75th High School Reunion NPR's Lulu Garcia-Navarro speaks with Jules Silk about attending the 75th consecutive reunion of the graduating class of 1944 from Philadelphia's Central High School.

75th High School Reunion

75th High School Reunion

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NPR's Lulu Garcia-Navarro speaks with Jules Silk about attending the 75th consecutive reunion of the graduating class of 1944 from Philadelphia's Central High School.


Let's go back to high school for this next story; specifically, a high school reunion. One graduating class celebrated their reunion this past week, but it was their 75th consecutive reunion. They graduated in 1944 from Philadelphia's Central High School, and they've gotten together every year since they graduated. We're joined now by Jules Silk. He's 92, a retired lawyer and the organizer of these reunions. Welcome to the program.

JULES SILK: Thank you.

GARCIA-NAVARRO: We should mention that it was your son who wrote in to WEEKEND EDITION to alert us to this story. He's clearly proud of you.

SILK: Oh, it's very nice.

GARCIA-NAVARRO: (Laughter) Can you tell me a little bit of the history of your high school?

SILK: Yes. Central High School is the second-oldest public high school in the United States. It started in 1836, and we had very, very good teachers. And as a result, those who went to Central - and I feel this way; many of us do - our high school experience was even more rewarding and, in a certain sense, memorable than our college experience.

GARCIA-NAVARRO: I understand a majority of your graduating class served in World War II, including yourself.

SILK: Yeah, that's correct.

GARCIA-NAVARRO: How did you manage to get class members together for the first reunion let alone 74 more every single year?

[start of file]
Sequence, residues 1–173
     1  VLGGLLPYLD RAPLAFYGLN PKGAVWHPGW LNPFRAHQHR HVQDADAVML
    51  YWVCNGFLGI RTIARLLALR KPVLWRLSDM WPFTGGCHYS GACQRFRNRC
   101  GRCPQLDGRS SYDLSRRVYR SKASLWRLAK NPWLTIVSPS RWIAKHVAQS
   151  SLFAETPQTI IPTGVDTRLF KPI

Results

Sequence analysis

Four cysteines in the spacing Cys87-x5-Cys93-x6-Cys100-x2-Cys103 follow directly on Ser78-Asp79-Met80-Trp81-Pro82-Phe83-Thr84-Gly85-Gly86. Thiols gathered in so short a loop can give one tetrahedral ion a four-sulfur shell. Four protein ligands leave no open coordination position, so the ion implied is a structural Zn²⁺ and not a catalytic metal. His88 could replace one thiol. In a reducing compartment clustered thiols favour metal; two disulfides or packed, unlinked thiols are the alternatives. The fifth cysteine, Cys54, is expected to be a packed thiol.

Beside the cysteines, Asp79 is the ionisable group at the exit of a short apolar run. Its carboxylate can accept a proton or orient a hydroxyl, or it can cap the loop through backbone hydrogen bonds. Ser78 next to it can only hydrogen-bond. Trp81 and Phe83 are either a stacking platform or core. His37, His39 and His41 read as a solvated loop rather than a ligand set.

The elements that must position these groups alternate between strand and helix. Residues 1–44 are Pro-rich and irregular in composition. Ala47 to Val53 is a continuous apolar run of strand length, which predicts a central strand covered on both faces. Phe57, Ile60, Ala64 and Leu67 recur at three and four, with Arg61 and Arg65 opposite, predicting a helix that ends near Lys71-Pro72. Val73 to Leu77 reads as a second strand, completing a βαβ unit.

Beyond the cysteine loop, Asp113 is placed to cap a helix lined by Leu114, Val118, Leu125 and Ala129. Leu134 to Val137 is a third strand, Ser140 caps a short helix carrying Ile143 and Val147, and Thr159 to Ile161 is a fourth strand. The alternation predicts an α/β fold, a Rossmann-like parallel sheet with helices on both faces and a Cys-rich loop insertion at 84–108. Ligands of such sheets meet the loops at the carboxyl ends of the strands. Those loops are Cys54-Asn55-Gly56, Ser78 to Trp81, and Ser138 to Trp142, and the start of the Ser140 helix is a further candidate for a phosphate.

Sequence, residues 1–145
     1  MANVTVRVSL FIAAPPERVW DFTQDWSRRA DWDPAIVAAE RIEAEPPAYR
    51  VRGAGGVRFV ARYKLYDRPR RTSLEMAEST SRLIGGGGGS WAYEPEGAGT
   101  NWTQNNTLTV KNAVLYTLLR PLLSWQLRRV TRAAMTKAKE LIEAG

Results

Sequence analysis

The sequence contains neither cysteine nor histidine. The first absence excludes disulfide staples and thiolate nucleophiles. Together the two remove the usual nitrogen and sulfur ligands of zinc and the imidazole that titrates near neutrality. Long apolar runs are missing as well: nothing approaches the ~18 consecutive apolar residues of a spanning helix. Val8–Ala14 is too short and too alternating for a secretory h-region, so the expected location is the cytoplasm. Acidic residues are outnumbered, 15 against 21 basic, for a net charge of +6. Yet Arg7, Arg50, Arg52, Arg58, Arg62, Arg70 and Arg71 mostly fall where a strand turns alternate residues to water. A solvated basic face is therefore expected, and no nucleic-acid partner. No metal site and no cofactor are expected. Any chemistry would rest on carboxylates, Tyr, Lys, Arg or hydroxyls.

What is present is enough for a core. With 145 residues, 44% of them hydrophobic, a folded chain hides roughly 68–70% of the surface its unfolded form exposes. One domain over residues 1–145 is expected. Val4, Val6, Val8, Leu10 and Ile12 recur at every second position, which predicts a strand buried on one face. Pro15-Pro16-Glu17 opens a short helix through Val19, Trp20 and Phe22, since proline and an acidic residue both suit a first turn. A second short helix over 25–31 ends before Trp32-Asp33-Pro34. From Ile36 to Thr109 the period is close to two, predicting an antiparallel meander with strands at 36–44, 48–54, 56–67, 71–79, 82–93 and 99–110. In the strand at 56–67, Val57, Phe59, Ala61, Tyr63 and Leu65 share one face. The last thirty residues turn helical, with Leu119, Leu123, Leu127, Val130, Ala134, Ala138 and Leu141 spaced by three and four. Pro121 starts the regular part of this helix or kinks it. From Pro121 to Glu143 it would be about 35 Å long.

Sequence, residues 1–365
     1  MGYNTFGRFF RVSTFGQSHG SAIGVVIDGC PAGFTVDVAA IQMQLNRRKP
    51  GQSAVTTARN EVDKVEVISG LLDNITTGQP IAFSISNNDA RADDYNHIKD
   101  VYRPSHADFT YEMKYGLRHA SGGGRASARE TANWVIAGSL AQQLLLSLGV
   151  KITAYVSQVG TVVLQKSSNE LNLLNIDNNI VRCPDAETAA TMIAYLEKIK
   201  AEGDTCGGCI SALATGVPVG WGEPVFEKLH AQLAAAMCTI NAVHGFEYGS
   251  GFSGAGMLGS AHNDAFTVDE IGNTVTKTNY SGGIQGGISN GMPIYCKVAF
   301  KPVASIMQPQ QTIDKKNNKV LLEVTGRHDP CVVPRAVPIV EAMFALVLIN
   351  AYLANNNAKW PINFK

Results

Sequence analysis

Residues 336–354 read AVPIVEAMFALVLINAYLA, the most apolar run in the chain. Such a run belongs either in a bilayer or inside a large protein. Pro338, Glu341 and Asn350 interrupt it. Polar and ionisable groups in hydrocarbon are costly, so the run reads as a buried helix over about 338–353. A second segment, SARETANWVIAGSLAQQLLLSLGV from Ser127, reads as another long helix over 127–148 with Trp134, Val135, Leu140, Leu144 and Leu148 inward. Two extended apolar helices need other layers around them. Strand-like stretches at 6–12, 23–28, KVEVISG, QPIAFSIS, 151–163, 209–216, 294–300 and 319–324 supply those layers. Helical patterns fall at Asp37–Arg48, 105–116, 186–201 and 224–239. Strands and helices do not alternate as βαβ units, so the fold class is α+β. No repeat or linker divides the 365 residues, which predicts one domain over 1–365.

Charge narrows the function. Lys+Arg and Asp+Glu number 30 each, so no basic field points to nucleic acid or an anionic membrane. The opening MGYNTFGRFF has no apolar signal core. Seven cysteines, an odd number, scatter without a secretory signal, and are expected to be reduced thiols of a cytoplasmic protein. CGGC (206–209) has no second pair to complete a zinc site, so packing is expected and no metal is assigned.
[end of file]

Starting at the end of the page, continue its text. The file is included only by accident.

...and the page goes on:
SILK: Well, truthfully, I don't know how it happened in the first year because I was in the Navy when the first reunion occurred, but somebody did it. And that's sort of lost to history.


SILK: But it happened, and I was back for the third reunion. And somehow, I got on the reunion committee. And it used to be my job every year to invite teachers. I invited the teachers I liked.


SILK: There's certain teachers I didn't like, so they never got invited to our reunion.

GARCIA-NAVARRO: (Laughter) And how many people showed up this year?

SILK: There were 10 of us this year. There were 173 who graduated. There are 26 of us who are still alive. And the ones who come to the reunion are the ones who come every year or almost every year who live in the Philadelphia area. And I guess we'll continue as long as we can still have these reunions.

GARCIA-NAVARRO: What do you think we can learn from something like this? - seeing someone gathering with the same group of people for 75 years.

SILK: I think it's that old friends are important. And therefore, I think it makes us feel good that we are able to get together with people we have known so long and that we are still able to have something in common and to enjoy ourselves. When you get to be 92, you have a paucity of friends. And therefore, it's wonderful to have old friends that you can get together with and talk about old times.

GARCIA-NAVARRO: Well, Mr. Silk, I wish you many more reunions. That's Jules Silk, a member of the class of 1944 at Philadelphia's Central High School, which celebrated its 75th reunion last week.

Thank you so much for talking with us.

SILK: Well, thank you for calling me. This has been a big thrill for me, I can tell you.

GARCIA-NAVARRO: Aw, I'm really pleased.

SILK: Made my day - made my year.


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